Almost like Pavlov’s dogs, journalists and business commentators covering Carlos Slim only have to mention the name before they find themselves following it with the phrase “the world’s richest man”. But as of this week, the Slim watchers out there are going to have to resist their conditioned response.
On Thursday, Bloomberg reported that the Mexican telecoms tycoon had been toppled from the number-one spot on the news agency’s all-time rich list. And guess who’s back in front….yep, it’s Bill Gates. Continue reading »
Japanese carmakers have been pouring money into Mexico in recent years.
Squeezed by higher production costs as a result of the weak yen, many have set up production lines in Mexico, lured by the country’s inexpensive labour and easy access to the key North American market.
In fact, so modern and cost-effective are their Mexican operations that General Motors, the leading US carmarker, this week tapped Nissan to help it build small cargo vans to sell in the US and Canada. Continue reading »
Last week, Humberto Benítez, Mexico’s attorney-general for consumer protection, told the press that the thought of handing in his resignation “never even crossed my mind”. On Wednesday, Benítez was clearing out his desk, the latest symbol of a more transparent, and more accountable country. Continue reading »
The shape of pharmacies to come?
Mexico’s revamped retail industry has seen its greatest transformation at the level of mom-and-pop stores: where disorganized, dingy and poorly-supplied grocery stores were once common in metropolitan areas, there are now brightly-lit, well-stocked and strategically located convenience stores.
Now another retail segment faces a similar revolution: pharmacies. And the company likely to lead this turmoil is, again, Fomento Económico Mexicano, or Femsa. Continue reading »
Mexico on Friday posted its worst monthly industrial production figures since the 2009 recession brought on by the US financial crisis.
The figure shrank 0.3 per cent in seasonally adjusted terms compared with February, and by a spine-chilling 4.9 per cent compared with the same month of 2012. Analysts had expected the March number to fall a far more modest 1.4 per cent. Continue reading »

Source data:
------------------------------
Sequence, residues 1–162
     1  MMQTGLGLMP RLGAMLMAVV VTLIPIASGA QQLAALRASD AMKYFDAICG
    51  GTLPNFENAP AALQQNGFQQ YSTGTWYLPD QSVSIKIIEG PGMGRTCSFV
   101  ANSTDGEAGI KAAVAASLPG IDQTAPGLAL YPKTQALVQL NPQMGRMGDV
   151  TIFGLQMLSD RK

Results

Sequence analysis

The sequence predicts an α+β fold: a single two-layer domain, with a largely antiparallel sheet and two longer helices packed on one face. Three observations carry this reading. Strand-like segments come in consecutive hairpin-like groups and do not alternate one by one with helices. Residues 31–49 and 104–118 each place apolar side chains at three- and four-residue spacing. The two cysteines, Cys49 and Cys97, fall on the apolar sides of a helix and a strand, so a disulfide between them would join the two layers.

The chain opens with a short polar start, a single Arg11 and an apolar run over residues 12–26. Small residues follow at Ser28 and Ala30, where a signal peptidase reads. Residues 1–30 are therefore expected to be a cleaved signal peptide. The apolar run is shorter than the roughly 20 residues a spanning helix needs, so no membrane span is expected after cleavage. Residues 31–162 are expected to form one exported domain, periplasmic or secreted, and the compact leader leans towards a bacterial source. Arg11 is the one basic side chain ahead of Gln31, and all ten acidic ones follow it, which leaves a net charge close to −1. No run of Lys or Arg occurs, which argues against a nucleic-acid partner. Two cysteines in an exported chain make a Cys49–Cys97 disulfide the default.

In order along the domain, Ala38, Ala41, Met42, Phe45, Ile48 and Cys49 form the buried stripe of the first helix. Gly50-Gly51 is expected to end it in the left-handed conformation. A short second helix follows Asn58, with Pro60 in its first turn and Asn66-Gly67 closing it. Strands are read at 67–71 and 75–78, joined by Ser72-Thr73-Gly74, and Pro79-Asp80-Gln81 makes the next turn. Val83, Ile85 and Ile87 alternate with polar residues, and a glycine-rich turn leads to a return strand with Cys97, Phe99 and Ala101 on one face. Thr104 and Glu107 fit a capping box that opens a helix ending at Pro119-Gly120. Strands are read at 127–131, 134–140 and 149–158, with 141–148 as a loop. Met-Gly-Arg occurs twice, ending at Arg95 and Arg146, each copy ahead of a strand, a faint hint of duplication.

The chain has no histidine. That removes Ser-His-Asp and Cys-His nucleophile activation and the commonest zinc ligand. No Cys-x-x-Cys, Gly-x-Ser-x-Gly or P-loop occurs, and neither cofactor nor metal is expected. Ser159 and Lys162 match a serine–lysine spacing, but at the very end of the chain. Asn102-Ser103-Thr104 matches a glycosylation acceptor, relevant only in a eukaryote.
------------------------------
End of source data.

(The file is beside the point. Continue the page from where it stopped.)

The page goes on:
The newest figures from the Mexican auto industry association, AMIA, point to continued powerful growth not only from the car makers themselves but from associated industries.
Mexico has almost doubled car production since 2009, and will be producing 4m cars by 2017, up from 2.9m last year, AMIA reckons, thanks to new investments from Nissan, Audi, Mazda and Honda. Continue reading »
So, Roberto Azevêdo, Brazil’s candidate for director general of the WTO, has pipped his rival Herminio Blanco of Mexico for the job.
But there is still a question to be answered: Who won? The man or the country? Continue reading »
The auto industry’s love affair with Mexico seems to know no bounds these days.
Just days after Japan’s Honda announced the creation of a $470m transmission plant in the country, it was the turn of Audi to laid the foundation stone for a $1.3bn assembly plant in Mexico over the weekend.
Aimed at challenging BMW’s global leadership of the international luxury SUV market, the new factory is expected to come on stream in 2016, building 150,000 Q5 SUVs a year. Continue reading »
The central Mexican region known as El Bajío is known as the nation’s colonial heartland, its grain belt and a hotbed of fervent Catholicism. Now Japanese auto production can be added to the list.
While Barack Obama and the Mexican president, Enrique Peña Nieto were talking in Mexico City about jobs, Honda was announcing the creation of 1,500 of them in an $470m transmission plant to be built in Celaya in El Bajío. Continue reading »
On Thursday, as he greeted the press in the company of US President Barack Obama, Enrique Peña Nieto of Mexico characterised the bilateral relationship as having reached “a new level of understanding”.
That is probably an exaggeration. But several important things may have come from Obama’s visit to Mexico City, the first to Mexico since his re-election. Continue reading »
Spain’s economic crisis is writ large in the Inter-American Development Bank’s latest statistics on remittance flows to Latin America.
For years, thousands of Bolivians, Ecuadoreans and Colombians have been among those to seek work in Spain, legally or illegally. Whether young educated professionals, or poor maids, cleaners and construction labourers, these workers could see the advantages of saving Euros that would magically multiply back home into pesos or dollars or bolivianos. Continue reading »
It’s not quite a done deal yet. But it’s getting there.
Mexico’s Congress on Tuesday voted overwhelmingly in support of a sweeping reform bill that could break open the country’s telecommunications and broadcasting sectors and introduce more competition in the two tightly-held markets.
But while the Senate voted 108-3 to approve the bill (which has already been passed by the lower house), a number of constitutional changes included in the reform package still need to be approved by two-thirds of Mexico’s 31 state legislatures before it can become law. Continue reading »
Spain’s two leading lenders, Banco Santander and Banco Bilbao Vizcaya Argentaria, have long looked to Latin America for growth – and more recently to repair troubled balance sheets at home.
But while Santander has hitched its fortunes on Brazil — now its biggest market, accounting for 26 per cent of group profits last year — BBVA has focused on building up its operations in Mexico. Just last month it announced plans to funnel $3.5bn into its Mexico business over the next three years, and the country last year accounted for more than one-third of its global profits. Continue reading »